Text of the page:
Is it really so hard not to fall prey to constant comparison?
Social Comparison Theory
Leon Festinger, a psychologist, proposed that human beings engage in social comparisons as a means of evaluating themselves. It is a process similar to benchmarking. Comparing ourselves with others helps us to learn more about our abilities and attitudes.
Festinger’s theory contends that human beings can only define themselves in relation to other people. I wonder if that’s why the age-old existential question “Who am I?” seems so difficult to answer, as we seem to be incapable of defining ourselves independent of others.
Social comparison, as mentioned previously, can be used in two different ways.
1. Social comparisons in the upward direction
This happens when we try to compare ourselves with others who are superior. These types of comparisons can result in two different kinds of thoughts and emotions or results.
This is the first type where we may want to make improvements in order to be better than the person we’re comparing ourselves with, or go beyond them. This is one possible benefit of comparison if we’re prepared to learn, as it could lead to personal growth.
If comparison can be seen in this positive light, then “the thief of joy” might be entitled to a change of title and live inside us as “the giver of motivation.”
The second and more common outcome of upward social comparison is envy, jealousy, and bitterness—obviously an undesirable outcome that can only lead to disappointment and frustration.
2. Comparative social analysis downward
It happens when we try to compare ourselves with people that are more fortunate than us. This is like an “artificial boost to self-esteem” exercise. The “at least I’m not as bad as him/her” attitude might help us feel better about our talents, achievements, or life situation, even if only temporarily.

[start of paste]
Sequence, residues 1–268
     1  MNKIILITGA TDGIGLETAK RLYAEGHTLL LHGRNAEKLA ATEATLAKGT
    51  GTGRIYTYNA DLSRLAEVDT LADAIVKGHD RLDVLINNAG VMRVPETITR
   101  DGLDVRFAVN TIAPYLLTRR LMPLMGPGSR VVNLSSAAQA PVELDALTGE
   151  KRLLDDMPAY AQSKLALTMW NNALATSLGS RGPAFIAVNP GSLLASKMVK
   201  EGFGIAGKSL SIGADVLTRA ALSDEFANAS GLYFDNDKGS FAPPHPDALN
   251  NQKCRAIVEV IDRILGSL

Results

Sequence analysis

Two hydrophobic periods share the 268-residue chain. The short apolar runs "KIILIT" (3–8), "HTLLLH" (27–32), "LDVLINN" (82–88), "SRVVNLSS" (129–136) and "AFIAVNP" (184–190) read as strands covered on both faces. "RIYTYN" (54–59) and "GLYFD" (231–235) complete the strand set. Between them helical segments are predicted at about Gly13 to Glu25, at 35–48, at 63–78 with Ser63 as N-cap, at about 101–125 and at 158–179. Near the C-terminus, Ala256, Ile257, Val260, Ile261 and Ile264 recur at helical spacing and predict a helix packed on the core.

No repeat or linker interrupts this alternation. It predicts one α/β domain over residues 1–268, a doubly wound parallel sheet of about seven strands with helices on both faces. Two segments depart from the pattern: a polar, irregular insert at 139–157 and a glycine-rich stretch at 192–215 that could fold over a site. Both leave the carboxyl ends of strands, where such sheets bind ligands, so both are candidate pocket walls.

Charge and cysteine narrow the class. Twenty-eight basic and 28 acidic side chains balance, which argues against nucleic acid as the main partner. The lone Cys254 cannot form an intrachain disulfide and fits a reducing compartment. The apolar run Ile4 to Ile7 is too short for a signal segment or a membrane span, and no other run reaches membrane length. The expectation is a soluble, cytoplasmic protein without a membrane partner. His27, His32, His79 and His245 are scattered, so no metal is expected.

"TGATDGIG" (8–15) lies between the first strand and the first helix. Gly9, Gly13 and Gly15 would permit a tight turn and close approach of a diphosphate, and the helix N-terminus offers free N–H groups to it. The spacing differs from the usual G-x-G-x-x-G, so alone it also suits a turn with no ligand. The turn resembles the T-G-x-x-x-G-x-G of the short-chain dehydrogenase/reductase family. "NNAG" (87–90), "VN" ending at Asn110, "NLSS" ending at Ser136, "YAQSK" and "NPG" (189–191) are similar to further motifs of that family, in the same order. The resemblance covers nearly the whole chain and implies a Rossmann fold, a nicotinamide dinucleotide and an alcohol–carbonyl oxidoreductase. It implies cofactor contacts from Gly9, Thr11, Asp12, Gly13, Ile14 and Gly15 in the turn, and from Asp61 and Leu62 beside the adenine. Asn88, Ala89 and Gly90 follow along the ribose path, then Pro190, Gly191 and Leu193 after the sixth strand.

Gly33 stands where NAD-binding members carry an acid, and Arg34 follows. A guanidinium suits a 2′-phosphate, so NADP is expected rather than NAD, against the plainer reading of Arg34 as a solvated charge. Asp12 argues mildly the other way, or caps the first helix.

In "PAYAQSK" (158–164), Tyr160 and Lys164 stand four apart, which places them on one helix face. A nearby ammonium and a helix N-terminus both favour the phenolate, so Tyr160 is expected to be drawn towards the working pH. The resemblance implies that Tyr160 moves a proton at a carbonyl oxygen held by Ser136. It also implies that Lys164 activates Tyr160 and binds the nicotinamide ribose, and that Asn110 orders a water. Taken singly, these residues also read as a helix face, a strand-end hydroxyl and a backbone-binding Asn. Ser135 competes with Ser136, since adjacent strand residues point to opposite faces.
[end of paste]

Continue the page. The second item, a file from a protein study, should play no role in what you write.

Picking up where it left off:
Early in life, social comparisons (e.g., one child wanting to play with the same toy as another) gain momentum in school. Children are exposed to new fashions and gadgets and become more accustomed to them in adulthood.
This tendency to compare completes a full circle when the phenomenon moves on to adults comparing their children on how well they’re doing in academics, sports, or any other activity.
Escape from the Comparison Trap
The comparison trap is a major obstacle to our mental and emotional health. I’m sure none of us wants to experience the feeling of unworthiness from upward social comparison, or superiority from downward social comparison. What can we do to avoid this?
Below are five ways you can say no to comparisonitis.
1. Define your definition of success.
We would have a much lower rate of comparing ourselves to others if we had a clear definition of what success is. For instance, if our success definition were about raising healthy, happy kids, we wouldn’t really be bothered about someone else’s thriving business, would we?
2. Learn about your personal strengths.
Becoming aware of our strengths will help in minimizing the tendency of comparing our weaknesses with other people’s strengths. Albert Einstein, the great physicist and astronomer failed to pass his French exam. Fortunately, he didn’t let that failure define him, as he was aware that his strengths lay elsewhere!